The business case for ESG has risen over the past decade and is now worth more than $32tn. The twin crises of climate change and social inequality – and all the derivative issues they spawn – have only become more profound, and more urgent. Businesses need to play a leadership role in addressing these challenges, not only by doing less harm, but by doing more good for people and the planet.
Alongside sharing the top stories, every week we will assemble a range of resources from around the web to support directors.

Remuneration is on the mind of many boards this week, and new research shows executive pay at the UK’s biggest companies has taken a tumble due to the pandemic.

PwC analysed the first 50 FTSE 100 companies to publish their 2021 remuneration reports. It found that chief executives’ total packages (including bonuses and pensions etc) dropped by a median of 22 per cent to £3.5m in 2020, and more than half had their salaries frozen for 2021.

Investors in the UK and US have also been making themselves heard with regards to pay. AstraZeneca’s chief executive Pascal Soriot faced a revolt on Tuesday, and in the US data suggests that shareholder support for executive bonuses is at its lowest since 2011.

US pension fund Calpers has also come under fire this week over its decision to vote against a climate resolution at BP, while activist environmental group Market Forces warned Standard Chartered that it will face shareholder action unless it tightens its fossil-fuel lending policies.

This briefing by law firm Clifford Chance outlines what boards need to consider when linking ESG to executive pay, and the approaches taken by different countries.

And for those focused on investor relations, last summer PwC’s Governance Insights Center published a guide for boards on shareholder activism, which looks specifically at institutional investors and hedge funds.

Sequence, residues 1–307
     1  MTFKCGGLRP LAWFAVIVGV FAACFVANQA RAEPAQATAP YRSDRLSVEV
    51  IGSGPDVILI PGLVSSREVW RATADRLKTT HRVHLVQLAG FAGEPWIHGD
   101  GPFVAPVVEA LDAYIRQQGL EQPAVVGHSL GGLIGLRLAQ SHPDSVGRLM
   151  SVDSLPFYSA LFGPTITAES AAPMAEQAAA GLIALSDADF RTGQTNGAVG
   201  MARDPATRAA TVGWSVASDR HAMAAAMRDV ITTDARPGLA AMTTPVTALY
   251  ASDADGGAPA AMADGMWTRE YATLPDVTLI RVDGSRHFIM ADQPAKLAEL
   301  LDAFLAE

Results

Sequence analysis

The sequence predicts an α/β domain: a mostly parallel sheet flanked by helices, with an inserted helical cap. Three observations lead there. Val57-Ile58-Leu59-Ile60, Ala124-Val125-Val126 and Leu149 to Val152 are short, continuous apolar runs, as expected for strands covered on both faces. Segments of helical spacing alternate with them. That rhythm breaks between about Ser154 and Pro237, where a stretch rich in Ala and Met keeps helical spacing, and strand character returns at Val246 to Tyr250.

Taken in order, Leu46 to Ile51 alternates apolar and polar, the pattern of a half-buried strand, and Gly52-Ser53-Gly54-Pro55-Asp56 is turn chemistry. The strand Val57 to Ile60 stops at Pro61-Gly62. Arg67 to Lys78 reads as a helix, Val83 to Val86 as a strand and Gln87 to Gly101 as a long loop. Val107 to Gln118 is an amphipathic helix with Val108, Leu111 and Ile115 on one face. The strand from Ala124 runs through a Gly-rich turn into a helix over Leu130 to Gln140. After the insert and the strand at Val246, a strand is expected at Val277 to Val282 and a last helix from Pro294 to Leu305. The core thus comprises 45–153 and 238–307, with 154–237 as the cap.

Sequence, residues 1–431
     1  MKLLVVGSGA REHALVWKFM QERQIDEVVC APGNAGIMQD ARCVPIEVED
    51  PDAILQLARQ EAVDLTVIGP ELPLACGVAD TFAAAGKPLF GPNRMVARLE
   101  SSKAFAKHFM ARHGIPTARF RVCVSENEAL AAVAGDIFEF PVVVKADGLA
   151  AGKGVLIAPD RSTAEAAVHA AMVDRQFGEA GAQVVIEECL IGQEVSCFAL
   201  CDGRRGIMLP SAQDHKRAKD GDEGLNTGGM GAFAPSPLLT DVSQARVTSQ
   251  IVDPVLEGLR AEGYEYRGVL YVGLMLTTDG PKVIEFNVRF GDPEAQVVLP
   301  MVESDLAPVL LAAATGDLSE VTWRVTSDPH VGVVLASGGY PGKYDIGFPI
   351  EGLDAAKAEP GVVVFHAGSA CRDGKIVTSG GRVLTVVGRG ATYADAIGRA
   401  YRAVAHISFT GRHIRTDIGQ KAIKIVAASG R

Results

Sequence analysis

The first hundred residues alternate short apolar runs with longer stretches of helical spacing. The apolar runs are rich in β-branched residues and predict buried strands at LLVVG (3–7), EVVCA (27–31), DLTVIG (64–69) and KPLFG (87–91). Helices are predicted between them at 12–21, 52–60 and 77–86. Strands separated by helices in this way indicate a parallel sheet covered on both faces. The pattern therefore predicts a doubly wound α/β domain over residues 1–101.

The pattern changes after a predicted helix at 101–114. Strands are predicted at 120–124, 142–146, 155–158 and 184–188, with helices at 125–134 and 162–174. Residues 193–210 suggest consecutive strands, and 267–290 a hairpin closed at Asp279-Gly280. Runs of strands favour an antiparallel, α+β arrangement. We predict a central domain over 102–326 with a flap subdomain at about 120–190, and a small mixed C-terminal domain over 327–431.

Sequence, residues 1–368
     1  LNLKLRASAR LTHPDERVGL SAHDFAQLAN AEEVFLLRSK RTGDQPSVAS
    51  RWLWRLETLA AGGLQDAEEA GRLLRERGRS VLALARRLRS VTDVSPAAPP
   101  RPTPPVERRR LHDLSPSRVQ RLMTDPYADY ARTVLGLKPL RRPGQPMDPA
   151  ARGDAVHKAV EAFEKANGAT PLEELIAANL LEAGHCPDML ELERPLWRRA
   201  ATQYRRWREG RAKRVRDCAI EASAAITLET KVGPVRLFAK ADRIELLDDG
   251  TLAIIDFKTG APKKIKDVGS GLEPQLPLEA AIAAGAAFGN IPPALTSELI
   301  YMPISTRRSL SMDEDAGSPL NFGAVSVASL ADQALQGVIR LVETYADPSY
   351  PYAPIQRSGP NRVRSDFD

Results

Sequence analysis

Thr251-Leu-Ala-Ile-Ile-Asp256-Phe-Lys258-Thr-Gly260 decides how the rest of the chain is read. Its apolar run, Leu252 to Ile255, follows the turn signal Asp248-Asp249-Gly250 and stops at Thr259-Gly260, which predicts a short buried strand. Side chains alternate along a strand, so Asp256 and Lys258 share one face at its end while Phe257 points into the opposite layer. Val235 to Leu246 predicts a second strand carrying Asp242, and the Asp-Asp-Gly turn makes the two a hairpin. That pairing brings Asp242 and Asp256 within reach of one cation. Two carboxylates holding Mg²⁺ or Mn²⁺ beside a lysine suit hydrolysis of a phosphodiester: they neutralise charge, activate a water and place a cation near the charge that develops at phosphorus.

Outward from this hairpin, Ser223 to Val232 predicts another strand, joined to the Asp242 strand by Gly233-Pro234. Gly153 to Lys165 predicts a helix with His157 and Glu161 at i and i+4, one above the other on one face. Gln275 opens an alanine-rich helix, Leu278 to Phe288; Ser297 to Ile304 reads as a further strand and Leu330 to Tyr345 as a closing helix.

The Board Toolkit (Practical guide to help discussions on the climate emergency from Chapter Zero)
Protests from Within: Engaging with Employee Activists (Research by Stanford’s Corporate Governance Initiative)
How geopolitical risks are shaping board strategy (Insights from EY Centre for Board Matters)
An exploration of the challenges facing today’s boards (Review of Dambisa Moyo’s new book by the FT)
Mind the Gap: Cyber security risk in the new normal (Research by the Chartered Institute of Internal auditors)
The principal risk discussion: what’s it for? (Practical insights from Independent Audit)
Your board needs a people committee (Practical insights from the Harvard Business Review)
Four ways boards can shape the cloud agenda (Practical insights from McKinsey)
With over 17 years of experience, The FT Board Director Programme is an established provider of board-level education.

Through a series of workshops, events and formal courses, participants are provided with knowledge of the specific requirements of the role and assists them to carry out their duties successfully for their own benefit and to increase long-term value for the companies whose boards they sit on. Upcoming courses include:

So You Want to Be a Non-Executive Director | 2 June | Half day virtual event
Strategy, Values and Culture - The seismic changes to the way that boards think and operate | 10 June | 3 hour virtual workshop
The Effective Non-Executive Director | 13 & 14 July | Virtual workshop

Receive a 10% discount on any of these workshops by entering the code FTBD10